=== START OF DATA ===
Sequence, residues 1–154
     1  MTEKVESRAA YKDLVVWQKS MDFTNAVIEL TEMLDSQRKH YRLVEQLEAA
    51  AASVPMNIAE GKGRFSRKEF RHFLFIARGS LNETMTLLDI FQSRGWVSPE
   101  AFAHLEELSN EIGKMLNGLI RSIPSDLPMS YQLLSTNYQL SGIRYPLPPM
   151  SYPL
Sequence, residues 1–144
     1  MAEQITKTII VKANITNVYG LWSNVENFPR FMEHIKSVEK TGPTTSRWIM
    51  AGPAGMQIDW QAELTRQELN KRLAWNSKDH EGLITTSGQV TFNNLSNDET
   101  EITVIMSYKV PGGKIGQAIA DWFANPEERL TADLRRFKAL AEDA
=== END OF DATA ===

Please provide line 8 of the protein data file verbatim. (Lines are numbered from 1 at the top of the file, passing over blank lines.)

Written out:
    51  AGPAGMQIDW QAELTRQELN KRLAWNSKDH EGLITTSGQV TFNNLSNDET